The Idiom

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Sunday, November 14, 2010


We have been away a while haven't we? It's really quite sad, as life has overtaken Kid Various and his Idiom pals. We'll try to do better. If only for the fact that the intervening months have turned The Kid's mind to jelly. There is nothing better to honing your skills than writing every day, and right now, The Kid can't write anything longer than a laundry list. We're trying to make good. Please bear with us.

In any case, take a look at this lame review of "The Closing of The Muslim Mind" that The Kid wrote. The book isn't lame. It's fantastic. In fact, Kid Various thinks it required reading for those who want to understand the Long War. It's just the Kid's prose that's lacking. When he was in grad school, Kid Various could knock out 20 pages without batting an eye. Nowadays, uh... what was I saying????

Outstanding overview that pinpoints the decline of Islamic thought in the 9th century with the triumph of the Asharites over the Mutazalites. These names likely mean nothing to most Americans, but they are critically important to today's world and the conduct of the Long War.

Essentially, Sunni Islamic thought was initially extremely diverse (the book does not delve into Shiism.) The Mutazalites taught that God's creation was open to human reason. That, essentially, God's laws and intentions could be discovered by reason. In this, they clashed with the Asharites who felt that if God's will was divinable by human reason, if he followed laws that could be deduced by reason, then that put limits on his power. And God is all powerful. Therefore they rejected basic concepts like "cause and effect" which is the case to this very day. Strictly speaking, in Islam, there is no cause for anything except God. If one drops a ball, gravity does not make the ball fall. God makes the ball fall - directly. If does not act at that very moment, the ball will not fall.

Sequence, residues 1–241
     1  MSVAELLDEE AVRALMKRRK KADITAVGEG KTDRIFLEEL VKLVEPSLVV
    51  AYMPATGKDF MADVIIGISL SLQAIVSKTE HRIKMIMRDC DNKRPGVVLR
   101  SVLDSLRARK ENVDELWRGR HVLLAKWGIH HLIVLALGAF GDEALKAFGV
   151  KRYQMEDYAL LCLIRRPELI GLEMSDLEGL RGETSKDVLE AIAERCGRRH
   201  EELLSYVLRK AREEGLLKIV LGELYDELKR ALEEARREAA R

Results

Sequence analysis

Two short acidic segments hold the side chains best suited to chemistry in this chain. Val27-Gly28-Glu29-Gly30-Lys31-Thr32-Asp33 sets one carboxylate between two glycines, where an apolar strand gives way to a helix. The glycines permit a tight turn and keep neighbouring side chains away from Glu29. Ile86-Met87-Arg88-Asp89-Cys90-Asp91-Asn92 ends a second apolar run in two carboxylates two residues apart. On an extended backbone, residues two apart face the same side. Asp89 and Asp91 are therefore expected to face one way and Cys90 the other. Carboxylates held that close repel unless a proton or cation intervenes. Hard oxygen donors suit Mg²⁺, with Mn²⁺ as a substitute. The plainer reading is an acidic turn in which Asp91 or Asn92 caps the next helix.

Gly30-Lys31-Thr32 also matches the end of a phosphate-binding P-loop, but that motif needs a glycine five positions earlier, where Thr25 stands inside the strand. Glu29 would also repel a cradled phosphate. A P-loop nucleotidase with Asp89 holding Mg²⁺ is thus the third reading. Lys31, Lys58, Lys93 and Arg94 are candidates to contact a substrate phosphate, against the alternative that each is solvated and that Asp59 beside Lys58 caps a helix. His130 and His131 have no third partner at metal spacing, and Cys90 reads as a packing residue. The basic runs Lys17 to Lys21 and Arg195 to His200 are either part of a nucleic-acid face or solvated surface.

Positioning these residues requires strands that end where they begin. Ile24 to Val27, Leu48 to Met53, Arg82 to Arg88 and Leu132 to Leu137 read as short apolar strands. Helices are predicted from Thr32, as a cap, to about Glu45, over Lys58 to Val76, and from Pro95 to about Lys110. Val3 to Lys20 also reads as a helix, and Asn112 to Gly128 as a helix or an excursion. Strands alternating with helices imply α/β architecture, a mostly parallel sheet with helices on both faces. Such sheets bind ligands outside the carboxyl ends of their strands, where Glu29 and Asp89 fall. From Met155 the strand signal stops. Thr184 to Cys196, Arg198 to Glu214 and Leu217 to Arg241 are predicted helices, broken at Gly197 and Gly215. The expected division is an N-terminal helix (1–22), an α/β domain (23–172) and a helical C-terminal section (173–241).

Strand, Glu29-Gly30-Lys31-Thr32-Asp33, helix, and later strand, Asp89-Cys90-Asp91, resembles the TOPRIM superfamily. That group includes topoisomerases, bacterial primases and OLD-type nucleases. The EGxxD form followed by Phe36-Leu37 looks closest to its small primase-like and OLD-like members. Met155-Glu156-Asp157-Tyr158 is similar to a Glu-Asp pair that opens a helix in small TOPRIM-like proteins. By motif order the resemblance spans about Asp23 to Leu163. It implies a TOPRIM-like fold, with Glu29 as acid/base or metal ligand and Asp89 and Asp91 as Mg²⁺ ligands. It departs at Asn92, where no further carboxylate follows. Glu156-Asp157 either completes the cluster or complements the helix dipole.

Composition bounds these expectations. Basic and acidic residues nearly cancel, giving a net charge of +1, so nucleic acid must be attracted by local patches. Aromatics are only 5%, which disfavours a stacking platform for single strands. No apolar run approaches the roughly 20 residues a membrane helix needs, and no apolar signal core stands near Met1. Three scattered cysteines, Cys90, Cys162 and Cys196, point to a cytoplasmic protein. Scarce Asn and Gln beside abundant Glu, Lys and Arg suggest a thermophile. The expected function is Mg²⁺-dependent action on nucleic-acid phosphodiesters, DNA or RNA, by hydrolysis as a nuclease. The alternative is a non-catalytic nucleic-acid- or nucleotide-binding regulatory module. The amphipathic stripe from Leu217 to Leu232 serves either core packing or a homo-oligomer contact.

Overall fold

By contrast, in Christianity, and in the Enlightenment culture spawned from it, God may be the first cause, but he has set up an order that can be divined by humans. He creates gravity that is the cause of the falling ball. He can perform a miracle and stop gravity, but in most cases he is not acting.

The triumph of the Asharites over the Mutazalites essentially put an end to Islamic philosophy, in favor of revelation and jurisprudence. In other words, it was not important to divine the meaning of God's laws and how they related to humans. Instead Islam demanded that humans simply follow revealed law, and then set up an elaborate system of jurisprudence to administer said law.

This has profound consequences for the present day. It's frequently said that Islam has not undergone an Enlightenment period. This is true, but what is worse, it will be difficult for it to do so, because of the demotion of reason in the Islamic faith, which is central to modernity.

This is an excellent book, very readable and is a great introduction to Sunni Islamic thought for the average reader.


At Tuesday, November 16, 2010 at 4:22:00 AM EST, Anonymous sunny said...

I am very interested in reading this book.

At Wednesday, February 24, 2016 at 7:52:00 AM EST, Blogger Riya Jacob said...


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